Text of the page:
Processed squid waste

Steve O'Shea

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:welcome: there Jake Mate; nice to have you aboard.

I have a meeting with someone today concerning the squid fishery, and will pass your query by him also. We must have a similar problem here in New Zealand as we do have a substantial squid fishery. I'll see what they do with it. We have similar problems with waste from the green-lipped mussel industry (Perna canaliculus); what on Earth to do with all of that shell? [Heavens, I just noted an advertisement on our very own site; check it out http://www.aromanz.com/products.htm.]

.... although this link, from the same site, for 'shark powder' has an image, correct me if I am wrong, of a Great White! That is not good (I know that it will be a generic image of a shark, but it is still sending a poor message) http://www.aromanz.com/bioactive.htm

Probably worth a complaint! Send it to [email protected]
 

WhiteKiboko

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well, for mussles i guess they can try something like all oyster shells ive seen used as fill.....

probably would recommend against using for road as theyre not as thick as oyster shells....
 
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Ok, so clearly I didn't mean dumping tons of squid waste into the ocean shoreline; I like to think of myself as a little more informed than that. First we would need to know how much waste there even is, which we don't yet. Also, fisheries catch a ton of bait fish every year to turn into pellets to feed to aquacultured fish. The conversion rates are disgusting and it makes little sense, but it happens because then they can also load the feed with growth hormones and antibiotics. Wouldn't squid pieces work well to suppliment the feed so they didn't need to waste so many wild fishes? Of course I imagine the pieces that are left would be mainly just internal organs that don't serve much nutritional value. Is there any muscular mass (head, tentacles, arms, etc.) that is discarded or is it all used? Hmmmm, what an interesting problem indeed. I guess that fertilizer does make the most sense but I was just trying to think of other ideas.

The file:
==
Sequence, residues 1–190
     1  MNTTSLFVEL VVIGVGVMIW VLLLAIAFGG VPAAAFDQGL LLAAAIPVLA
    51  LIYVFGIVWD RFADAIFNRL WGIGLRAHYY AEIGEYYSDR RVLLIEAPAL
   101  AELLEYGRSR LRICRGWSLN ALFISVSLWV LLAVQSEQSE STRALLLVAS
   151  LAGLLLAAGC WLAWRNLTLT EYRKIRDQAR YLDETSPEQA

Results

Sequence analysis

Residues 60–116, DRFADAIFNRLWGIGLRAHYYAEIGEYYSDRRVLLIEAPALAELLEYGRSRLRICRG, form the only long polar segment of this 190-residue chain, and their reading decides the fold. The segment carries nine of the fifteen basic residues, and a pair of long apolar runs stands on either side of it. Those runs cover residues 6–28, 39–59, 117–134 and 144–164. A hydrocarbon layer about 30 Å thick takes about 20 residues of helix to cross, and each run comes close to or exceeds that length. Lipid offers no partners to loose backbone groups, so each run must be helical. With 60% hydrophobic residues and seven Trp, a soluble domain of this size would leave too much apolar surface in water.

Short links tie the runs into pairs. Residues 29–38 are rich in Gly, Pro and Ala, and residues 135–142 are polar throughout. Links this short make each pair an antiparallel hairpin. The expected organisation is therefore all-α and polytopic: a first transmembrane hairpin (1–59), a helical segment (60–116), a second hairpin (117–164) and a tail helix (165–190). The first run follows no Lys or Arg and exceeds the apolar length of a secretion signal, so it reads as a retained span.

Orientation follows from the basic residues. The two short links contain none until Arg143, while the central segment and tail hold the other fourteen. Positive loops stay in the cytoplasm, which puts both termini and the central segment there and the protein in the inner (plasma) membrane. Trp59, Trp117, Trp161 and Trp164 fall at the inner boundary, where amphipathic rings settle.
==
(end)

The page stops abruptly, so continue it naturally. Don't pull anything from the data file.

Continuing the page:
Is there some way of incorperating shells (of any kind) into cement, or is that what you were talking about, WhiteKiboko? Hey! What about cleaning them up a little bit, maybe sending them through a tumbler and using them for garden mulch? Wouldn't decompose as fast and would be really unique too! Of course there would undoubtly be some smell left and the shells would probably fill the soil with dissolved minerals which some plants might not like. Actually, I think I've seen that done somewhere...in Florida, California, or NZ I'm not sure which though. Just for my own knowledge and for further thinking, shells are mainly made up of calcium carbonate (CaCO3), right?

Cheers!
 

TPOTH

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Steve O'Shea said:
.... although this link, from the same site, for 'shark powder' has an image, correct me if I am wrong, of a Great White! That is not good (I know that it will be a generic image of a shark, but it is still sending a poor message) http://www.aromanz.com/bioactive.htm
Indeed a Great White... what's a poorer message is the selling of the almighty shark powder that cures cancer, simply because sharks don't get cancer (a fallacy in itself, see William Lane's 1992 book Sharks Don't Get Cancer :wink: )....According to the National Cancer Institute (NCI), the evidence so far is inconclusive... there. Nuff' said. Same goes with voodoo magic, ley lines and other hocus pocus ways of figthing diseases... :mad:

I'm pretty sure that powder unblocks drains, makes you loose weight, is a great alternative to sugar and also can prevent terrorist attacks :rolleyes:

Nice, Reeeal nice. And to top it all the image of the product on the website shows "Deep Sea Shark Cartilage" http://www.aromanz.com/images/BrchSharkPillsCC.jpg
So it's probably made of dirty dogfishes (after seeing the parasites those buggers can get, i think i'll take cancer any day...). So much for the marketing strategy of being strong and healthy like a Great White *shrugs*
"only selects Shark Species which are not on the endangered list, therefore ensuring sustainability of this potential life saving supplement"
Perfect! just bloomin' perfect! :evil:

TPOTH
 

erich orser

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As we have a considerable squid fishery here in California, I'm fielding some questions on this subject to companies involved with the industry when I have the time. Nothing concrete to post as of yet, but will be talking to CA Fish and Game in Long Beach tomorrow. Hope I can be of some help!
 

Jake Mate

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Sep 10, 2005
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I'm checking the website of CA Fish and Game, and I found an interesting document: Market Squid Fishery Management Plan (MSFMP) - Final Version. There is a lot of information.

I really enjoy be part of the TONMO group. Is a permanent "brain storm".

Thanks to all
 
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